Why Omicron, volatility or inflation shouldn’t knock you off your investing journey
As the last few weeks have shown with the emergence of the new Omicron variant, there are likely to be more challenges ahead for investors to navigate as we enter the new year.
But it’s worth noting that risks on the horizon should not deter people from being invested. There is rarely a perfect time to invest, and there will always be risks.
In the article below, we examine the behavioural considerations that may help investors stay on course to reach their goals, even if the journey becomes turbulent.
Start with your goals
First, you need to be clear on your investment goals – and what you’re trying to achieve.
Investors should have a lens through which to consume investment views, and can consider how to capitalise on opportunities, or mitigate risks that may jeopardise their goals. For instance, our investment experts examine the macroeconomic outlook and asset classes in fine detail before acting on it.
Additionally, those that are clear about their goals may be better able to manage volatile periods by having a longer-term perspective. Those chasing performance for performance’s sake may be more susceptible to behavioural biases due to a more myopic approach.
Check your confirmation bias
It's good practice when reading financial news to pay attention to, and actively seek out, views which are different from your own – to minimise the likelihood and impact of nasty surprises.
Humans tend to seek out or pay more attention to information which confirms their prior beliefs – the confirmation bias – which can lead to biased decision-making.
And in difficult markets, the risk of biases in decision-making can be elevated, according to a recent survey by Cerulli Associates1 – who found a marked increase in observed biases in investors navigating financial markets during the pandemic.
Challenge your thinking
A vital aspect of robust decision-making is to challenge one’s thinking. This is particularly true when forming an investment outlook; biased thinking may have repercussions in the form of short-term tactical positioning which drags on returns.
In addition, biases can affect asset allocations, which may be more significant for an investor’s return profile over the long term. This may, for example, cause an overweighting to an asset class or sector due to a long-held view – which may have been correct in the past, but is no longer the case today, and to which an investor gives insufficient weight.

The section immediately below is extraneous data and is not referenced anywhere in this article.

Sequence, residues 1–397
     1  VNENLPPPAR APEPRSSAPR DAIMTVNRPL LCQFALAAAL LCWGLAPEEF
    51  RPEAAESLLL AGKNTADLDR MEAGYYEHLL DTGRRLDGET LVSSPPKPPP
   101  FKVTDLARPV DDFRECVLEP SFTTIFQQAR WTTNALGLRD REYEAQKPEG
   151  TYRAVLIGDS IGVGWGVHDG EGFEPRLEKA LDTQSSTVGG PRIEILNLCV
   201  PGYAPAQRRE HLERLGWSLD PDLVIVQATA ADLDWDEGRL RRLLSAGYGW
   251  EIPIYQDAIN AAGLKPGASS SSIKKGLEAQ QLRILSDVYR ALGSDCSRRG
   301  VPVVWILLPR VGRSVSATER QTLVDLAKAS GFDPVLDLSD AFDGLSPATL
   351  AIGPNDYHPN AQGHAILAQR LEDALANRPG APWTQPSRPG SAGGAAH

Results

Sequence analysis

A good way to challenge your thinking is to consider what the impact would be if your views were wrong. Where the impact may be material, appropriate hedging may be advisable – as well as diversification – which we come on to later.
Thinking about the impact on your individual portfolio
But what if some of these risks materialise? What should investors do when events occur that have possible implications on their portfolios?
Investors should remember the primary risk to be concerned about is not achieving their goals. Look at whether events materially affect your ability to reach these goals, and if so how.
If, for instance, inflation persists and central banks move more quickly in raising rates – it is likely to be worse for growth relative to value stocks, because cash flows of the former are further into the future. As such, when cash flows are discounted at a higher rate, these companies become relatively less valuable.
But at a portfolio level, the impact is not as clear cut and may not mean that an investor holding growth companies would see the value of their portfolio drastically depressed.
Rising inflation can affect different companies in very different ways. It could typically result in higher raw material, wage and debt servicing costs. Companies that can minimise these costs, while passing them on to consumers, will do better than companies that do not.
Therefore, in our example, companies with higher pricing power may be affected less, even if they fall under a style which inflation is typically bad for.
Avoiding acting too quickly without consideration
If we continue our example above, rotating from growth to value might hurt an investor in the short term – but this may reverse as times goes on.
Favouring particular investments in response to an event, such as a rate rise that may be beneficial in the short term, these investments may then soon fall out of favour if economic conditions change.
On the other hand, a quality company with a strong fundamental business case and strong pricing power may be expected to continue to grow and provide a good return for an investor over the long term, regardless of any macro environment.
A bottom-up stock picker picks companies based on the strength of those businesses, and not macro factors. So, a knee-jerk reaction to sell those companies in response to a rate hike may not be the best decision in the long term. In the short term, of course, it could temper possible underperformance, but when taking a broader view an investor may have sold a very good business that is still expected to perform in the long term. Remember, businesses don’t necessarily stop being good businesses just because of higher interest rates.